Class bell set to ring at Morwell

It has a principal, it has a name, and now the finishing touches are being placed on the Morwell school merger project.

The decade-long $10.45 million development, which involves the amalgamation of Tobruk Street, Commercial Road and Morwell primary schools at the new McDonald Street site, will come to fruition in January ready for term one.

Morwell Central Primary School, as it is officially known, will be headed by Justine Smyth, the current principal of Commercial Road Primary School.

Ms Smyth spoke to Express journalist Bonny Burrows about the development and the school’s vision for the future.

The state-of-the-art education facility will have students learn in an open-plan classroom environment situated within four central learning hubs.

Ms Smyth said each hub would have access to an outdoor learning courtyard to provide a range of indoor/outdoor learning opportunities.

The school will also use an on-site $4 million performing arts centre, constructed in 2012, which is currently being fitted out.

Other school facilities include an indoor cubby house, purpose-built canteen, upgraded gymnasium and staff and visitor car parking.

About 400 students are currently enrolled to attend the new site next year, including 49 preps.

Principal Ms Smyth will be joined by about 16 teachers and an additional 20 odd support staff from the three schools.

Ms Smyth said no teaching jobs would be lost in the merger as all contracted teachers would transfer to the new McDonald Street site.

Along with classroom teachers, the school’s staff will comprise six science, technology, engineering and mathematics ‘coaches’ and four specialist teachers in the areas of information technology, music, physical education and performing arts.

School will operate from 8.30am to 3.30pm and the daily timetable will comprise three learning blocks.

Ms Smyth said students would work in their age-specific learning hubs in groups based on their individual needs.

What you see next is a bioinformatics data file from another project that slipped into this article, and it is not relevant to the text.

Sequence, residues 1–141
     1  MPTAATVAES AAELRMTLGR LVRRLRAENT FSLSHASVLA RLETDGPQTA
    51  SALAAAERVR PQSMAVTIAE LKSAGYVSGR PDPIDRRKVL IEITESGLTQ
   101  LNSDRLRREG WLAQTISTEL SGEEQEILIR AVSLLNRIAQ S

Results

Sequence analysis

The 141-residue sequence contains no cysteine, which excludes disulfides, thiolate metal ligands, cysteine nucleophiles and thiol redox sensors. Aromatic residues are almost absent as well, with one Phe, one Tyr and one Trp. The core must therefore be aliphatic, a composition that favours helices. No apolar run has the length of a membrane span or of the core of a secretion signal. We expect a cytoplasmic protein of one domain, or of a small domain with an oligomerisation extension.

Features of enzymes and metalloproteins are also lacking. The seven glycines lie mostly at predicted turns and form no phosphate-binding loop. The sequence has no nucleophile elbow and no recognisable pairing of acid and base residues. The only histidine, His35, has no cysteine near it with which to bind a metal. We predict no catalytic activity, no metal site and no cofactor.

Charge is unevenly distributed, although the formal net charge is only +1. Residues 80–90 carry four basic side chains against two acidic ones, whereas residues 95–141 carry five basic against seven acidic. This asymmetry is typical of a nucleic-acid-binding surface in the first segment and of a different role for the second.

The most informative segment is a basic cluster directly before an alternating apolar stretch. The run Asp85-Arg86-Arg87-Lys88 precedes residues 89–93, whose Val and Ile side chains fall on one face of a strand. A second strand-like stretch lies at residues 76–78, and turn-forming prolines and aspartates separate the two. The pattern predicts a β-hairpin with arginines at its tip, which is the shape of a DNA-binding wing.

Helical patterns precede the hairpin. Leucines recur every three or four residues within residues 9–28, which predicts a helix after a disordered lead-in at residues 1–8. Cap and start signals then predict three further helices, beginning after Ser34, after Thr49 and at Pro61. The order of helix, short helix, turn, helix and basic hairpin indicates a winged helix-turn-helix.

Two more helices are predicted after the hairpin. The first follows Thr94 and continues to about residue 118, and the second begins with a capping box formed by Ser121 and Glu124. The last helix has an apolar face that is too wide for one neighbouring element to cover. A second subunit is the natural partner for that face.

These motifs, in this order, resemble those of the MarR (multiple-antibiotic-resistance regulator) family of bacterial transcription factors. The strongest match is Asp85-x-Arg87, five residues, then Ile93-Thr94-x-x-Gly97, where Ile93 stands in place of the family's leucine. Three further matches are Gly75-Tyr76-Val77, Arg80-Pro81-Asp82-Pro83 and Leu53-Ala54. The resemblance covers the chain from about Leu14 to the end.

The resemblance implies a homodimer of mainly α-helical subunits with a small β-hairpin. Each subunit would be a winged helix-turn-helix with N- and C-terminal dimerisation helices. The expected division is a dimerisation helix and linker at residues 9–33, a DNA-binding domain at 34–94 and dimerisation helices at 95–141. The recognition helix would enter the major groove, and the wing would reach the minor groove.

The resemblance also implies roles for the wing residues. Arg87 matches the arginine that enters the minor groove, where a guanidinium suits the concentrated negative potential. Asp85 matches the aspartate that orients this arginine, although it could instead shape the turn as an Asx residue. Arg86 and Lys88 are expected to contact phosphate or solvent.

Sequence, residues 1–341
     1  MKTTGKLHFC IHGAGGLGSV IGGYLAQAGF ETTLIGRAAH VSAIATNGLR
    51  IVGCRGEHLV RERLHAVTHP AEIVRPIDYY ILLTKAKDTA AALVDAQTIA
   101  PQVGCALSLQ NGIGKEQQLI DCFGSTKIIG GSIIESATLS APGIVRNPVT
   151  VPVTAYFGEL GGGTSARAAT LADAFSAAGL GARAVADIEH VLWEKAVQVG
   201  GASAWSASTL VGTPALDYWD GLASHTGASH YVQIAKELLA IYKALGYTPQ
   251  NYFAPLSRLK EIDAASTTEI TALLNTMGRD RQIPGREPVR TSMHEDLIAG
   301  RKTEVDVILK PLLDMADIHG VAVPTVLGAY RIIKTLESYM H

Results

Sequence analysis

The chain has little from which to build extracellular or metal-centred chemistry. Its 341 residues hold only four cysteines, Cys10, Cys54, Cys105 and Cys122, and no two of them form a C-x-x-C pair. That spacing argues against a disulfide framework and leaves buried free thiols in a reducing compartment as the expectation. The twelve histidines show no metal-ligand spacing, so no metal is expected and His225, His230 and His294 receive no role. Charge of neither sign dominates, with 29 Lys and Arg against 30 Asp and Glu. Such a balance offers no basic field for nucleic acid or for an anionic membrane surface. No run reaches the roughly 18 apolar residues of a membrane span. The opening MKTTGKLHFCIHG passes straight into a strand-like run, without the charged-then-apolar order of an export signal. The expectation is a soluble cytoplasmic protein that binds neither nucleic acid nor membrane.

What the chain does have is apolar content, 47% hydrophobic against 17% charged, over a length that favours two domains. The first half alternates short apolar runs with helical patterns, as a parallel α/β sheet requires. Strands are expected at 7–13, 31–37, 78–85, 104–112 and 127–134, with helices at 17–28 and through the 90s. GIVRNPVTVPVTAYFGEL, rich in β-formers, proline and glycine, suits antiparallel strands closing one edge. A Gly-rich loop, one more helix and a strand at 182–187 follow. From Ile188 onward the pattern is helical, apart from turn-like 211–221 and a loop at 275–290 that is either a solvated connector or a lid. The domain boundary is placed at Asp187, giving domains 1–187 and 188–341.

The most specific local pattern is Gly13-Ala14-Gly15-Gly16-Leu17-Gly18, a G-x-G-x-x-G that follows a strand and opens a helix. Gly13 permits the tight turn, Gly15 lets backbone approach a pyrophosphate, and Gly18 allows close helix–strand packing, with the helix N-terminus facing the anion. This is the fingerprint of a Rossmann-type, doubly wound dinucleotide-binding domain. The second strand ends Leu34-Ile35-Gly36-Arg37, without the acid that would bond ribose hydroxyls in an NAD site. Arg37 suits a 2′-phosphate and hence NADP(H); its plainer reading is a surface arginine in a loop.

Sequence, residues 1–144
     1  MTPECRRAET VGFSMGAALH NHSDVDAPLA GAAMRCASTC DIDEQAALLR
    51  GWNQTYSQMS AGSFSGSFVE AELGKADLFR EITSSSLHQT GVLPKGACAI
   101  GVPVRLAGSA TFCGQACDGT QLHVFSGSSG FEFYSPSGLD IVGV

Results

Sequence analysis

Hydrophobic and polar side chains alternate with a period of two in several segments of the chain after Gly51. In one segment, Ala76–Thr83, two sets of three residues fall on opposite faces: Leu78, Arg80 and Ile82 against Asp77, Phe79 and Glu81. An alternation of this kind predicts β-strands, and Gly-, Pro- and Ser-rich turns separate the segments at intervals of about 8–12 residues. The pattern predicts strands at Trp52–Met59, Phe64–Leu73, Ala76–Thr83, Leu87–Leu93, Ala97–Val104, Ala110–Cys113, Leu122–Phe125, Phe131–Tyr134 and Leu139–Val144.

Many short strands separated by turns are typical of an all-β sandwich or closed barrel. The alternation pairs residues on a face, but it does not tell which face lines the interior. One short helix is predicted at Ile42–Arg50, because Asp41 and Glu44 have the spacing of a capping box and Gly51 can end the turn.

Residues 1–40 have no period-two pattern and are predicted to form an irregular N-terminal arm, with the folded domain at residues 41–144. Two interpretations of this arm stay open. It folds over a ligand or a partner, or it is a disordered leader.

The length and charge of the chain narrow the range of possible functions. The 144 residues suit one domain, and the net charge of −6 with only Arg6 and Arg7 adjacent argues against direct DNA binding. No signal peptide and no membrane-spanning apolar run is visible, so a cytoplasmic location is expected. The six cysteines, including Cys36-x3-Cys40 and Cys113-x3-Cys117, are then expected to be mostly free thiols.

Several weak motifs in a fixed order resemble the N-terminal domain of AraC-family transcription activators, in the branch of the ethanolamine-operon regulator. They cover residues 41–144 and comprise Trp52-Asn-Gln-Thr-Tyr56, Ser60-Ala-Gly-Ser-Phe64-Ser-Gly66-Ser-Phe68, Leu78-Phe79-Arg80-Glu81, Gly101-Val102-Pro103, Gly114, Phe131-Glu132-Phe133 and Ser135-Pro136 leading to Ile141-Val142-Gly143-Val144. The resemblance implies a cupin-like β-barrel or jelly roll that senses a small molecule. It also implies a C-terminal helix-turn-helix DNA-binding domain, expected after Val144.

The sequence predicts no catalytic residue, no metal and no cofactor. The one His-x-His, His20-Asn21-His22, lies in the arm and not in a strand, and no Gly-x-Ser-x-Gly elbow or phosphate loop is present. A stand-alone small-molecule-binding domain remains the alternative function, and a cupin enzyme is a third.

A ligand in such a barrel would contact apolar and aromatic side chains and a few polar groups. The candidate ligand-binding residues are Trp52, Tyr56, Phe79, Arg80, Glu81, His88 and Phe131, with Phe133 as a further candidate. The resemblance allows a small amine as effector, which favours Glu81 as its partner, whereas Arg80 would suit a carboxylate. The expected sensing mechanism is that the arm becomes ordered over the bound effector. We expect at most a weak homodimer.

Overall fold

The entire school community was heavily involved in the establishment of the school’s vision – ‘a curious, connected learning community’ – and values – ‘acceptance, support, persistence, individual responsibility, respect and excellence’.

“It was actually pretty easy to come up with our values as we each had similar ideas about what they should be,” Ms Smyth said.

The school’s uniform of navy and yellow was also easily decided, Ms Smyth said, as each individual school had navy in its colours while yellow was chosen as a symbol of the merger.

“One of the reasons we went with navy was to also cut costs to parents, they don’t have to buy a new uniform if they already have the plain navy polo,” she said.

With the core elements of the school now decided, attention has turned to the transition of its students.

Ms Smyth said for the remainder of the 2016 school year she would base herself at Tobruk Street and Morwell Primary for two days a week to establish relationships with staff, students and parents.

Transition sessions are also scheduled for next month at the Morwell Central’s performing arts centre and a parent information night and barbecue is planned for December.

“Over the course of this year the principals from Tobruk Street, Morwell Primary and I have had the opportunity to build a positive working relationship,” Ms Smyth said.

“We will continue to work collaboratively to ensure a smooth and successful transition for our school communities.”

Anyone with questions relating to the project is encouraged to visit the ‘Morwell Central Primary School’ Facebook page.

If you would like to attend a transition session, phone Angela Skinner at Tobruk Street Primary School on 5134 2517.